Preparing a class for the morning, “P Tang Yang Kipperbang,” Jack Rosenthal’s 1982 television film set in the Post-War Britain of 1948, came suddenly to mind.
“Quack Quack” Duckworth, the shy and awkward fourteen year old who loves the prettiest girl in the school, walks along with Tommy, the school groundsman as Tommy marks the boundary of a cricket pitch. He believes Tommy has been a soldier serving in battle after battle, not knowing he is wanted for desertion. Quack Quack tells Tommy that the soldiers have brought in a new age:
“From now on, there’ll never be any more wars, never again, for the simple raison d’etre that the United Nations will insist there’s no more wars. Any country wanting to invade another, well, hard cheddar . . the United Nations will vote against them, QED”
Reflecting on the book of Esther, which made its triennial appearance in the church’s bible readings on Sunday, the textbook concludes with optimism worthy of Quack Quack.
“There have been many situations where people of a different race, tribe or religion have been slaughtered. This is often known as genocide. Share any knowledge you have of when or where this could have happened. Find out what the United Nations does to protect the rights of people. What do you think are basic human rights?”
It seems astonishing, in the light of the United Nations’ record in Srebrenica and in Rwanda, that anyone should still believe that the United Nations could do anything to protect people. Unless the United States decides to intervene, the United Nations is no more than a talking shop. In 2000, the New York Times carried Linda Melvern’s graphic description of the United Nations turning its back on defenceless people:
“People tried to hang on to lorries. The Belgian soldiers brandished their weapons, and fired into the air. The French soldiers prevented others from getting too near to the peacekeepers. The French promised the people that they would stay. At 13.45 the last Belgian soldier pulled out of the school. Then the French soldiers left. People started to cry. The bourgmestre, a member of Rwanda’s Parti Social Démocrate (PSD), the centre-left opposition party, tried to calm everyone, and told them that they must defend themselves. `But we had no weapons, not even a stick,’ someone said.
Soldiers and militia started firing at the people and throwing grenades into the crowd. Some people recognized as Hutu were put to one side. The vice-president of the national committee of one of the militia groups, an agricultural engineer, Georges Rutaganda, was in a jogging suit, standing guard at a small entrance located on the side of the athletic field. He was carrying a gun. In the crowd were pro-democracy opposition politicians and human rights activists but the vast majority of people carried identification cards with the designation Tutsi. There were both young and old people, and some who could barely walk.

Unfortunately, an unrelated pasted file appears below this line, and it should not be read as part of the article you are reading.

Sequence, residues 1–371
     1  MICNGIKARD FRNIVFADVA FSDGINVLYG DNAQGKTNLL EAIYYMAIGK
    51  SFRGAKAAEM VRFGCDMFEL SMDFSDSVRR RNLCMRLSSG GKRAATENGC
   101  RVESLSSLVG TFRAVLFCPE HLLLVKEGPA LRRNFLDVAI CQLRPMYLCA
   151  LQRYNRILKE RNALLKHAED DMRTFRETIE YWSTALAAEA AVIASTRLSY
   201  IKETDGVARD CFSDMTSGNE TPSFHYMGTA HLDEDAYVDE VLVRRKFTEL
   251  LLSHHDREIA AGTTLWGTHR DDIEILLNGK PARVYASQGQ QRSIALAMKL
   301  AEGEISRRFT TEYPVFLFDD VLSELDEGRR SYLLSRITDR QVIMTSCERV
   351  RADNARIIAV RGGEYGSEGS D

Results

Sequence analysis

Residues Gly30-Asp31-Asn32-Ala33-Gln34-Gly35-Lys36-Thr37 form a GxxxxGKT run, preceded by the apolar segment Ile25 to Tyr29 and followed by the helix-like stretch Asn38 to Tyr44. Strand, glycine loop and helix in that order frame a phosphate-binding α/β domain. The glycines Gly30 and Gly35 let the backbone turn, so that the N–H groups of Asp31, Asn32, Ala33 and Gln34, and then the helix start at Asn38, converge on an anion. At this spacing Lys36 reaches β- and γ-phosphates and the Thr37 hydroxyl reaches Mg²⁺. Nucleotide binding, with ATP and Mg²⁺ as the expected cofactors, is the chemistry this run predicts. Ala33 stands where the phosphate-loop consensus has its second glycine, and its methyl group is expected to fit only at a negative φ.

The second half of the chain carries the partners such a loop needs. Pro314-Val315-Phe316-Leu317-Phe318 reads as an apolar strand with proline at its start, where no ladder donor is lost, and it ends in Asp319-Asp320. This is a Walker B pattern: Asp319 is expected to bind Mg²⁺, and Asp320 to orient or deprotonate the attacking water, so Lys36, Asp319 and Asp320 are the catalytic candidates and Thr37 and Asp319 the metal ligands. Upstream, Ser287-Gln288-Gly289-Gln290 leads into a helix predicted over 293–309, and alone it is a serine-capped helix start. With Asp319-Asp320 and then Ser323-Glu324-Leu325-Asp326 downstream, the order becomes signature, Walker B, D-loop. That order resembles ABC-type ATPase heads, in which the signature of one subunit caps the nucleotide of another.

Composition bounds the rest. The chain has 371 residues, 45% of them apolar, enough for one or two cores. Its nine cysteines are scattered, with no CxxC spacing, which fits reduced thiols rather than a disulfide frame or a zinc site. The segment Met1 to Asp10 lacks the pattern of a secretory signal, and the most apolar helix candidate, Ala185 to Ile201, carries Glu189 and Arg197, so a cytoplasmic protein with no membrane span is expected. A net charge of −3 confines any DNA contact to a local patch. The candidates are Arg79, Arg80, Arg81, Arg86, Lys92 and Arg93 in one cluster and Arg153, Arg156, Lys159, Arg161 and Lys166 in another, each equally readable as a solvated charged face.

Most of the people decided to try to escape to UN headquarters but instead they were herded along the road by militia and soldiers. `As we walked … the soldiers and militia terrorized us with their grenades and guns … they slapped and beat people up, stealing their money … it was a long walk and the militia were everywhere.’
At one moment the Presidential Guard ordered the people to sit down and cursed and insulted them for being Tutsi, telling them they were going to die. Then the convoy moved on again. `As we walked along, the militia were hitting people with machetes. Some of the people who were wounded fell down and were trampled upon.’
They came to a crossroads that led to Nyanza-Rebero and when they reached a gravel pit near the Nyanza primary school they were told once more to sit down. A witness said that Rutaganda was instructing the militia how to proceed; there were militia coming from different directions and they had machetes. `The Presidential Guard were watching us from a place that was higher than where we were.’ Then the soldiers started firing and threw grenades. Some people tried to break through the militia but were struck down with machetes. `We were so stunned that no one cried out … it was only afterwards that you heard the voices moaning in agony … then the Interahamwe [militia] came in and started with the machetes, hammers, knives and spears.’ People in pain were told that they would be finished off quickly with a bullet if they paid money. There were children crying over the bodies of their dead parents.
The next morning militia came back to kill anyone still alive. Survivors of Kicukiro were mostly children who hid under the bodies.
In the next few days Lemaire and his men were deployed helping to escort Europeans to the airport. Told that their UN mission was over, they were the first to fly home. On the tarmac and in front of television cameras, one of them slashed his blue beret with his combat knife. Lemaire wore his beret. He still believed in the UN ideal”
The ideal world is inhabited by Quack Quack Duckworth and school textbooks; it’s not inhabited by a man I met in July, who lost his family in those horrific weeks of 1994, or by the millions who shared his experiences.